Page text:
The Voice of Bates College Since 1873

The Bates Student

The Voice of Bates College Since 1873

The Bates Student

The Voice of Bates College Since 1873

The Bates Student

The Ronj’s New Grind

Tessa Garnett
Photo of the exterior of Le Ronj

Described as a “nocturnal pumpkin” in the Bates Alumnus Magazine, Winter 1998 edition, the Ronj is named for its bright orange walls. Located on 32 Frye Street, the two-story Victorian style Ross house features many colorful study and lounge rooms, each one uniquely furnished with wall art, student graffiti, and slouchy couches. The café serves standard drinks like vanilla and matcha lattes as well as some specialty beverages like the Maple Cinnamon Shaken Espresso and the “Cardi Bee,” named for its notes of cardamom and honey.

First opened in 1997, the Ronj faced setbacks due to the COVID-19 pandemic. This year, the cafe has re-established itself as a hub for student life. The student-run cafe has seen rapid growth this school year with an expanding customer base beyond Frye Street residents.

Olivia Cuneo ‘24 one of the Ronj’s four student managers, described the cafe’s development in the past few years. She recounted that during COVID-19, the Ronj could not serve drinks besides iced chais or tea. “The Ronj wasn’t very popular, it was more a study space than it was a cafe and there were limited hours. I think there were just evening hours,” Cuneo said. “It was mostly populated by people who lived on Frye Street,” she explained.

This year, the café’s hours expanded from four to nine hours on weekdays, and up to 12 on Sundays. This was made possible by the increase in customers and staff expansion. What used to be a late night study space for Frye Street residents, has morphed into a popular spot for all students and faculty to grab a cup of coffee and relax.

“It’s a reliable cozy atmosphere,” stated Mia Jaenike ‘26 who is a frequent Ronj customer. “I love the Ronj. It provides me with my morning cup of happiness,” added Jaenike’s roommate Elsie Hall ‘26, another loyal Ronj patron.

Cuneo described her excitement in seeing the cafe packed at 9:30 am. “I was like wow, this is what I envisioned when I first started working here.” She spoke about her appreciation of the Ronj’s accessibility and the inclusive community it invites.

Sophie Man-Hudspith ‘26 elaborated on her community-oriented experience working as a Ronj barista: “Your job is to kind of socialize. Even though you’re making drinks for people you’re also talking to them. I’ve had many random conversations with people I don’t know.”

The student-run aspect of the Ronj enhances community. Man-Hudspith described her working experience as “more collaborative” than a faculty-led club. “I feel like your opinion gets so much more input because it’s all student run and we’re all peers.”

In addition to cultivating community and collaboration, Cuneo speaks to the recent technical improvements the Ronj’s staff has implemented. “Since I’ve been there, I’ve transitioned from buying syrups to making our own syrups and making sure that there’s a more standardized approach to making coffee. We have a menu and we stick to the menu,” Cuneo stated.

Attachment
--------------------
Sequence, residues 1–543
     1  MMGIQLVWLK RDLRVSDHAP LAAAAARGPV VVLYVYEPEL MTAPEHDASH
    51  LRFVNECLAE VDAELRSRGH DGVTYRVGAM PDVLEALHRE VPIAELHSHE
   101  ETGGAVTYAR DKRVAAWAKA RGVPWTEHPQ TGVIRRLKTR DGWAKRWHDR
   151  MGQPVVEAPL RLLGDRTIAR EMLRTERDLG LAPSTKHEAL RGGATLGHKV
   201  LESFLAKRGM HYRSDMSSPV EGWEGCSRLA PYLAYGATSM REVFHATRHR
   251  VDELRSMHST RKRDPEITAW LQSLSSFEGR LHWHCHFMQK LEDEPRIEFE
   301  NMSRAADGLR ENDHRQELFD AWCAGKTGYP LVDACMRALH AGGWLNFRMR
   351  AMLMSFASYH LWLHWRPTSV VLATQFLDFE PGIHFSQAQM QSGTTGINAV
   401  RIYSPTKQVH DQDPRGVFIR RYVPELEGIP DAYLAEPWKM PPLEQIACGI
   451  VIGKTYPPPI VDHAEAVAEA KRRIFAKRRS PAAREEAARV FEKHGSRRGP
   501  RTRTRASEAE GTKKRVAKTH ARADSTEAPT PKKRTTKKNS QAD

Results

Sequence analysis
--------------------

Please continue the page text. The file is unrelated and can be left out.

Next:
By streamlining and standardizing the coffee making process, the Ronj guarantees consistent product quality and customer experience. Cuneo stressed the importance of product uniformity and a basic menu. As a result, managers and students alike are treating the Ronj like a traditional coffee shop.

To Cuneo, the Ronj allows her a creative outlet. “I love the actual application of making coffee,” she said, describing the process of pulling a faster or slower espresso shot. “I also just really like making people happy with coffee. I know that coffee can be such a special part of someone’s routine and I really like that we’re able to serve the drinks at a pretty low price in comparison to other cafes,” she continued.

Ronj works to charge customers the minimum amount to keep expanded hours, while also maintaining quality. As a student-run café, emphasis is placed on bringing people in and providing them with an enjoyable experience. Students are mainly paying for the expansion of hours.

Looking to the future, Cuneo hopes to expand from beverages to food as well. Man-Hudspith also hopes to host more open mic nights, further embedding the Ronj within student life.

“I’ve worked as a barista for a couple of years now and every single cup of coffee I give out feels like a piece of art.” said Cuneo. “[Coffee] is such a great part of my routine, so I love to share that with people,” Cuneo concluded.

Though the Ronj is still evolving, its recent success and community-inducing role in Bates’ student life is undeniable.

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About the Contributor
Zoe Schaedle, Managing News Editor
Zoe is a Sophomore from Philadelphia, PA. She is currently undecided, but is leaning towards a double major in History and Classical and Medieval Studies. In her free time, Zoe enjoys spending time with family and friends, reading, volunteering, going to the beach, cooking, or playing/watching sports.    Previously, Zoe served as a staff writer for The Student as a first year. She is also on the Bates Women’s Lacrosse team, and is an active mentor for Big Brothers Big Sisters of Maine.

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